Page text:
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Nat Commun ; 13(1): 3716, 2022 07 01.
Article in English | MEDLINE | ID: covidwho-1984382


The COVID-19 pandemic triggered the development of numerous diagnostic tools to monitor infection and to determine immune response. Although assays to measure binding antibodies against SARS-CoV-2 are widely available, more specific tests measuring neutralization activities of antibodies are immediately needed to quantify the extent and duration of protection that results from infection or vaccination. We previously developed a 'Serological Assay based on a Tri-part split-NanoLuc® (SATiN)' to detect antibodies that bind to the spike (S) protein of SARS-CoV-2. Here, we expand on our previous work and describe a reconfigured version of the SATiN assay, called Neutralization SATiN (Neu-SATiN), which measures neutralization activity of antibodies directly from convalescent or vaccinated sera. The results obtained with our assay and other neutralization assays are comparable but with significantly shorter preparation and run time for Neu-SATiN. As the assay is modular, we further demonstrate that Neu-SATiN enables rapid assessment of the effectiveness of vaccines and level of protection against existing SARS-CoV-2 variants of concern and can therefore be readily adapted for emerging variants.

COVID-19 , SARS-CoV-2 , Antibodies, Viral , Humans , Luciferases , Membrane Glycoproteins/metabolism , Neutralization Tests , Pandemics , Spike Glycoprotein, Coronavirus , Viral Envelope Proteins
J Appl Lab Med ; 7(1): 57-65, 2022 01 05.
Article in English | MEDLINE | ID: covidwho-1338715


BACKGROUND: In North America, both messenger RNA (mRNA) vaccines, Pfizer-BioNTech BNT162b2, and Moderna mRNA-1273, each utilizing a 2-dose regimen, have started to be administered to individuals. METHODS: We evaluated the quantitative serologic antibody response following administration of either a single dose or both doses of an mRNA severe acute respiratory syndrome coronavirus 2 (SARS-CoV-2) vaccine in a cohort of 98 participants (88 healthcare workers [HCW] and 10 solid organ transplant [SOT] recipients). Antibody levels were compared across 3 immunoassays: Elecsys Anti-SARS-CoV-2 S (Roche Diagnostics), SARS-CoV-2 TrimericS IgG (DiaSorin), and SARS-CoV-2 IgG II Quant (Abbott). RESULTS: Among HCW, sensitivity ranged from 100% (Roche), 99% (Abbott) and 98% (DiaSorin). The SARS-CoV-2 IgG II Quant and SARS-CoV-2 TrimericS IgG assays showed good agreement with a Pearson correlation coefficient of R = 0.95. Pearson correlation coefficients of R = 0.82 and 0.83 were obtained for Elecsys Anti-SARS-CoV-2 S vs SARS-CoV-2 TrimericS IgG and SARS-CoV-2 IgG II Quant vs Elecsys Anti-SARS-CoV-2 S, respectively. Significant differences in antibody levels between HCW and SOT recipients were observed. A decrease in antibody levels from time of vaccine administration to blood draw was evident. Among those with a second dose, an increase in antibody levels with increased time between administration of the first and second dose was observed. CONCLUSIONS: The absolute values generated from each of the assay platforms are not interchangeable. Antibody levels differed with increased time between vaccine administration and with increased time between administration of the first and second dose. Further, significant differences in antibody levels between HCW and SOT recipients were observed.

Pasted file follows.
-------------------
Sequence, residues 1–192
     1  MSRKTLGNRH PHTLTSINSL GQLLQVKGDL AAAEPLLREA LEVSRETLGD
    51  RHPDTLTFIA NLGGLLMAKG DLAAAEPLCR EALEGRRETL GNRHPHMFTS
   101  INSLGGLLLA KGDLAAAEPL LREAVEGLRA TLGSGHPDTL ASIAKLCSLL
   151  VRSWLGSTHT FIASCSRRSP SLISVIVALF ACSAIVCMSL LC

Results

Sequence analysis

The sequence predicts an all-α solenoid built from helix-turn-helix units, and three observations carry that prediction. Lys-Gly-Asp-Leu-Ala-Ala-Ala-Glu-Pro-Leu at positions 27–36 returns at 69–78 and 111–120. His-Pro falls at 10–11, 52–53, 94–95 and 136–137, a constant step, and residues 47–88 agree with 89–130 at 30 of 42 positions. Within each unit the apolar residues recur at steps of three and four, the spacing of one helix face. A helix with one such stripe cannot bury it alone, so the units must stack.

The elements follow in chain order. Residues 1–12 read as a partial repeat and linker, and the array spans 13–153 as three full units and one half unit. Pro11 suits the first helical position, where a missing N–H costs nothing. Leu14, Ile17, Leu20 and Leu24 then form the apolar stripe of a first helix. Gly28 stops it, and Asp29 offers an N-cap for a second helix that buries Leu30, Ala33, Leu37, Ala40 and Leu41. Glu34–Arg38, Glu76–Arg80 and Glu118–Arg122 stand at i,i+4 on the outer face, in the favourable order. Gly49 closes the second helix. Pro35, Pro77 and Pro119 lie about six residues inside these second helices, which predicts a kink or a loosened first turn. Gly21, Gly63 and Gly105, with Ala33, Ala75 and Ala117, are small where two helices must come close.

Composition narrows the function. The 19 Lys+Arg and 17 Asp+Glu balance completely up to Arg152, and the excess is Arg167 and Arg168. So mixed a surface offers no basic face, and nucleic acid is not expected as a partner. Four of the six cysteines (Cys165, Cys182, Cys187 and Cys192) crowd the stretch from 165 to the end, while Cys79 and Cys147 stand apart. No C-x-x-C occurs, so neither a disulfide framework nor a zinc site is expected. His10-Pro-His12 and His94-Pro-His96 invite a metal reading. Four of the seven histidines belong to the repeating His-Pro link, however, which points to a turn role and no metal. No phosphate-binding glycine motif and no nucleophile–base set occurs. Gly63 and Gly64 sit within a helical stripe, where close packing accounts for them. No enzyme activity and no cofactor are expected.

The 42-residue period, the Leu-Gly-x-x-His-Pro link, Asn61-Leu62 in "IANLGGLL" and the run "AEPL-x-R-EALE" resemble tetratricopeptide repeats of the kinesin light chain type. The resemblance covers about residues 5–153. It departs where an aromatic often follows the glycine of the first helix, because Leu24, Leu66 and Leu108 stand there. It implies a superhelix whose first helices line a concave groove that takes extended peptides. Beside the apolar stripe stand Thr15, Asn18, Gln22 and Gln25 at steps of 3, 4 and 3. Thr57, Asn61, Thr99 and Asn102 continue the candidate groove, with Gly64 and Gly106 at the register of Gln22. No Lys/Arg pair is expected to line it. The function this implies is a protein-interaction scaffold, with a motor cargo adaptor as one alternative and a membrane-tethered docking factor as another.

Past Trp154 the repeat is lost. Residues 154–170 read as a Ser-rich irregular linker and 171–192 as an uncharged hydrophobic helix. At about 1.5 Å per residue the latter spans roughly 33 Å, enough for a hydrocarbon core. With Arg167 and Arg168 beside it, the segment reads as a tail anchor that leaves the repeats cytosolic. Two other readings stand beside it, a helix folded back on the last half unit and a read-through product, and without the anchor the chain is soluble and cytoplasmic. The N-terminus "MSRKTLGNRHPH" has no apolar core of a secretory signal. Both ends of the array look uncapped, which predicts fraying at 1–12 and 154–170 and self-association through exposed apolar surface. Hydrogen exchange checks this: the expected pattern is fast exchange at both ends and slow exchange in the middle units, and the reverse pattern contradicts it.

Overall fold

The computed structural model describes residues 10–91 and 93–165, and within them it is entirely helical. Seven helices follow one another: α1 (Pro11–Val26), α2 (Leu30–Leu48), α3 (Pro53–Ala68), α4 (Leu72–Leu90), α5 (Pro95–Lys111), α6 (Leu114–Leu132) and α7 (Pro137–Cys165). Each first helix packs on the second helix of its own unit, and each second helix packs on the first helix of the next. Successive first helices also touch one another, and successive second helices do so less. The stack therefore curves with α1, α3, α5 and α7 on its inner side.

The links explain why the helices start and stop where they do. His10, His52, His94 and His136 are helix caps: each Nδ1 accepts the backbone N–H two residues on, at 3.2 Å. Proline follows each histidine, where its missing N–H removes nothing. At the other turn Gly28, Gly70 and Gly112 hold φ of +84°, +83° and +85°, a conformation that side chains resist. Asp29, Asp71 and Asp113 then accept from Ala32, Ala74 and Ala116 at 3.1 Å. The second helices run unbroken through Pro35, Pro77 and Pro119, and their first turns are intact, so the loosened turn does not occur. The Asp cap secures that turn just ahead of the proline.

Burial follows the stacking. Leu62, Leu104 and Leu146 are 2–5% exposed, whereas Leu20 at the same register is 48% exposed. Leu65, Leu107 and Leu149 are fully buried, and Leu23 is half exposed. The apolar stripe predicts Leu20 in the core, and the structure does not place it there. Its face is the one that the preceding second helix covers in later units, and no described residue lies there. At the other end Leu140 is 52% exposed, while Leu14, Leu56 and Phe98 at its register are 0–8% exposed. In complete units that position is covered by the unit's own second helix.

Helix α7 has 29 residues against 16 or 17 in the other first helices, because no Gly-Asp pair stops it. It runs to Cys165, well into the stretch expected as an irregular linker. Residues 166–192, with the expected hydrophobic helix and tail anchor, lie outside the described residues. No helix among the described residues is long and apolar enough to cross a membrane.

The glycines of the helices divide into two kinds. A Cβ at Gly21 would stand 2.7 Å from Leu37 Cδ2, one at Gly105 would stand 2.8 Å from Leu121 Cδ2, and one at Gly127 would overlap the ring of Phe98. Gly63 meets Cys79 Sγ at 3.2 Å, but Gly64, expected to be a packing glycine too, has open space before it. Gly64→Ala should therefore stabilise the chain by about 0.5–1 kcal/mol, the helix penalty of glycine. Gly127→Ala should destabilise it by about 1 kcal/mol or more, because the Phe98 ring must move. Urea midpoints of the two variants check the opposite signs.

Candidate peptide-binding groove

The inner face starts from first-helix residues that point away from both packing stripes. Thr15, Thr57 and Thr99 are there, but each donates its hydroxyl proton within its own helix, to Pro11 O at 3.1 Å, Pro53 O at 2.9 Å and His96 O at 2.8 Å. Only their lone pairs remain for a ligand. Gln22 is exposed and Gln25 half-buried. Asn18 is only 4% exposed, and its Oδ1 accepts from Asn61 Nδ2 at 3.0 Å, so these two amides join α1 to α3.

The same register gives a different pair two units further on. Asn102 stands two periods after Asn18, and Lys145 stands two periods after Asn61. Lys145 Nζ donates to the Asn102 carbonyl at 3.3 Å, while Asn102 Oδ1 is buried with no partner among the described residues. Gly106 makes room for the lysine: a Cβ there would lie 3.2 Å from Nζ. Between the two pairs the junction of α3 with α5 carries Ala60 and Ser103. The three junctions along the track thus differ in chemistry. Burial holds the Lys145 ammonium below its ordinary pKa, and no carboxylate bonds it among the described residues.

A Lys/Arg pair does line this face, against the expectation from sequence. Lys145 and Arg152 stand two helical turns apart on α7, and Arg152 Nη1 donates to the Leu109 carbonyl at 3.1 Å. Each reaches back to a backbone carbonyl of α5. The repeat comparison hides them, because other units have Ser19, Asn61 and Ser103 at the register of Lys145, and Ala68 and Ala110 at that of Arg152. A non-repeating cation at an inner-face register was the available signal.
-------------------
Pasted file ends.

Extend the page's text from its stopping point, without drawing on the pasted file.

COVID-19 , SARS-CoV-2 , 2019-nCoV Vaccine mRNA-1273 , BNT162 Vaccine , COVID-19 Vaccines , Humans , Immunoassay
Canadian Journal of Pathology ; 13(1):22-32, 2021.
Article in English | CINAHL | ID: covidwho-1085801


There is emerging interest in the possible connection between vitamin D and SARS-CoV-2 infectious disease (COVID-19). Here, we discuss some hypotheses as to how vitamin D may contribute to the pathophysiology of COVID-19 illness. Vitamin D is thought to be involved in mediating inflammation and regulating the immune system. This may be particularly important in the context of the cytokine storm seen in some cases of COVID-19, which can lead to severe acute respiratory distress syndrome and mortality. We also analyse the potential connection between vitamin D and higher COVID-19 incidence and mortality in areas that receive less sun (higher latitude), and in populations that are known to have low vitamin D levels. On constate un intérêt croissant pour le lien qui pourrait être établi entre la vitamine D et la maladie infectieuse due au SRAS-CoV-2 (COVID-19). Dans cet article, nous nous penchons sur certaines des hypothèses relatives à la façon dont la vitamine D pourrait contribuer à la physiopathologie de la COVID-19. Il a été suggéré que la vitamine D pourrait jouer un rôle dans la réduction de l'inflammation et la régulation du système immunitaire. Cette découverte est particulièrement significative dans le contexte du choc cytokinique observé dans certains cas de COVID-19 et associé à des formes graves du syndrome de détresse respiratoire aiguë, voire au décès de patients. Nous analysons également le lien potentiel entre la vitamine D et les taux supérieurs d'incidence et de mortalité associés à la COVID-19 dans les régions moins ensoleillées (plus hautes latitudes), et au sein des populations reconnues pour leur faible production de vitamine D.